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A History Of The Church In Nine Books by Sozomen

INNOCENT, bishop of Rome, was extremely indignant when apprised of the measures that had been adopted against John, and condemned the whole proceedings. He then turned his attention to the convocation of an Œcumenical Council, and wrote to John and to the clergy of Constantinople. Subjoined are the two letters, precisely as I found them, translated from the Latin into Greek.

“Innocent, to the beloved brother John.

“Although one conscious of his own innocence ought to expect every blessing and to look for the mercy of God, yet it seems well to us to write to you by Cyriacus, the deacon, and to exhort you to patience, lest the contumely cast upon you should have more power in subduing your courage than the testimony of a good conscience in encouraging you to hope. It is not requisite to remind you, who are the teacher and pastor of so great a people, that God often tries the best of men and puts their patience to the severest tests; and that they are firmly supported under the most adverse occurrences that can befall them, by the approving voice of conscience. He who does not triumph over calamity by patience, is necessarily regarded with suspicion, for either his trust is not firm in God, or his own conscience condemns him. A good man may be sorely tried, but he cannot be overcome, for he is preserved and guarded by the truths of Holy Scripture. The Holy Bible, which we expound to the people, affords abundant examples of the afflictions to which the saints have been invariably subjected, and shows that they did not receive their crowns till they had passed with patience through the severest trials. Take courage, then, O honoured brother, from the testimony of your conscience, for virtue affords support in calamity. When you have been purified by affliction you will enter into the haven of peace, in the presence of Christ our Lord.”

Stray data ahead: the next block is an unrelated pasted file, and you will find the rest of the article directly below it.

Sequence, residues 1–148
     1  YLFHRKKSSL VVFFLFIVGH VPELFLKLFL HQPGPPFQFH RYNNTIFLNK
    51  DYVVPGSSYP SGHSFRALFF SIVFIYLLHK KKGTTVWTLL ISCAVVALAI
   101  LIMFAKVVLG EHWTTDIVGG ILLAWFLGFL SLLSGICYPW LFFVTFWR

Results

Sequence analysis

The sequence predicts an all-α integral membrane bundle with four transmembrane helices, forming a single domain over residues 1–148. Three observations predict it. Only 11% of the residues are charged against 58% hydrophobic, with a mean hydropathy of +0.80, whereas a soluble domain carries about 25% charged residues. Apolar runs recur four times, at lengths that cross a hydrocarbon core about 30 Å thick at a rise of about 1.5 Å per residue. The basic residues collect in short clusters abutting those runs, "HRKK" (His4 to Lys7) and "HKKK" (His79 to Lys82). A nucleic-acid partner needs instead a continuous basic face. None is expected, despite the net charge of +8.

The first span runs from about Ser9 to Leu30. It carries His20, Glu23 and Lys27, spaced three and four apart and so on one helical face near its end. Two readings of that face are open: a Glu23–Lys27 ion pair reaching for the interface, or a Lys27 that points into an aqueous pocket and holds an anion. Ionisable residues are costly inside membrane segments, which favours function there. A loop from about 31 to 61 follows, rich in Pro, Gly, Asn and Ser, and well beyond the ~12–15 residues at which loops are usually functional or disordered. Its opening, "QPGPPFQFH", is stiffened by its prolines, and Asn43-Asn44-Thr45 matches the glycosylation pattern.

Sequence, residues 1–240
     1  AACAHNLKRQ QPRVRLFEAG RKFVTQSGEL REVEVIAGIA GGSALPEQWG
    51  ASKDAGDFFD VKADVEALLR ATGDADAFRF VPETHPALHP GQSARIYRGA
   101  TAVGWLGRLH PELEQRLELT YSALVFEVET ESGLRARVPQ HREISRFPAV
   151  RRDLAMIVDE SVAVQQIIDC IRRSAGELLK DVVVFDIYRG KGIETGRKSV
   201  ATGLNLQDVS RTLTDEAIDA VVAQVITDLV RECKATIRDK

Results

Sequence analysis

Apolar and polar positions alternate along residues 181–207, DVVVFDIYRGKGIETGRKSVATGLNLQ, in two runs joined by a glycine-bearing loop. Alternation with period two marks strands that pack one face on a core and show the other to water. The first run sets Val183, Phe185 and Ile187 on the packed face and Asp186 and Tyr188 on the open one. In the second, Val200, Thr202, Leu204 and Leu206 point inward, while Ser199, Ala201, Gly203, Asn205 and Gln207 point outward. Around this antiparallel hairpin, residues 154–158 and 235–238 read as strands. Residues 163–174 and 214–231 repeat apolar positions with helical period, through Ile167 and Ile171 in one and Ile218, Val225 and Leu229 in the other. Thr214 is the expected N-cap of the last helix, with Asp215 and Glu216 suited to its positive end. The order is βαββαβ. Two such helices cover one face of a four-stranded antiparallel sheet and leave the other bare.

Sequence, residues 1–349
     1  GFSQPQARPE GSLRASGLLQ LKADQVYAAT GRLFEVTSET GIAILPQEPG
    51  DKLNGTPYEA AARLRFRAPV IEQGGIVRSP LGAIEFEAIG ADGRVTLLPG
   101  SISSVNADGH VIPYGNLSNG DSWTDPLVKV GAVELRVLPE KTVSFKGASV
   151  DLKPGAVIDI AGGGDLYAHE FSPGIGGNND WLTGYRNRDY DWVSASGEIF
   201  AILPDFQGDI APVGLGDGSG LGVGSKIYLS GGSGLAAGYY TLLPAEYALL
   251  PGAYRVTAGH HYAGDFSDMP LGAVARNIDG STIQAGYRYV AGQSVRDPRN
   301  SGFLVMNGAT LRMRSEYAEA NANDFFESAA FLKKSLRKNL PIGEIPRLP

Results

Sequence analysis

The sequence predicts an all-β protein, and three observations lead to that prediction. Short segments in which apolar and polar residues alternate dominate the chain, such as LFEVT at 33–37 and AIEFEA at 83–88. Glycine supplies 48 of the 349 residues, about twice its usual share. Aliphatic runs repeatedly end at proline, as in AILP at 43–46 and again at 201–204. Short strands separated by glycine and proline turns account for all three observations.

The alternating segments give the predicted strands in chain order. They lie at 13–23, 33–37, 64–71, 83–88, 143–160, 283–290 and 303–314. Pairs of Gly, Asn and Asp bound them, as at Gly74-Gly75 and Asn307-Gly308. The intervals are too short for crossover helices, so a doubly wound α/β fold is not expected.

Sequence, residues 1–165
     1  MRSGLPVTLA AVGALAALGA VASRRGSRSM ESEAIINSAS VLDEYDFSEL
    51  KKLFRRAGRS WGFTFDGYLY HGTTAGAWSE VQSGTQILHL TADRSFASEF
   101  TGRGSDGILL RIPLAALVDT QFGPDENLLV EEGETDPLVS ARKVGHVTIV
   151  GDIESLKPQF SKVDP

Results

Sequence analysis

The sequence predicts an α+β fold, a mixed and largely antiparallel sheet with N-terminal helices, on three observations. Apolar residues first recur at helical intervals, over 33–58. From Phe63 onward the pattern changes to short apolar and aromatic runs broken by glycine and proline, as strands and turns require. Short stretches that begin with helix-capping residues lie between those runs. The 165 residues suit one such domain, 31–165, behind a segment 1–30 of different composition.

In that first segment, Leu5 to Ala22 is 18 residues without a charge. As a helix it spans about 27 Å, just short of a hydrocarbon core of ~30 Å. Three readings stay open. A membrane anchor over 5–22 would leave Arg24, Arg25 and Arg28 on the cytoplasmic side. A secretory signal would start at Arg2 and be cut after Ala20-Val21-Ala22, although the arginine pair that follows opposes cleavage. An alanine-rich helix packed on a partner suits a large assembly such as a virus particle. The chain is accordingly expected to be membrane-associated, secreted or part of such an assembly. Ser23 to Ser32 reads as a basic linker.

“Innocent, the bishop, to the Presbyters, Deacons, and all the Clergy, and to the people of Constantinople under the episcopal guidance of John; peace be unto you, beloved brethren.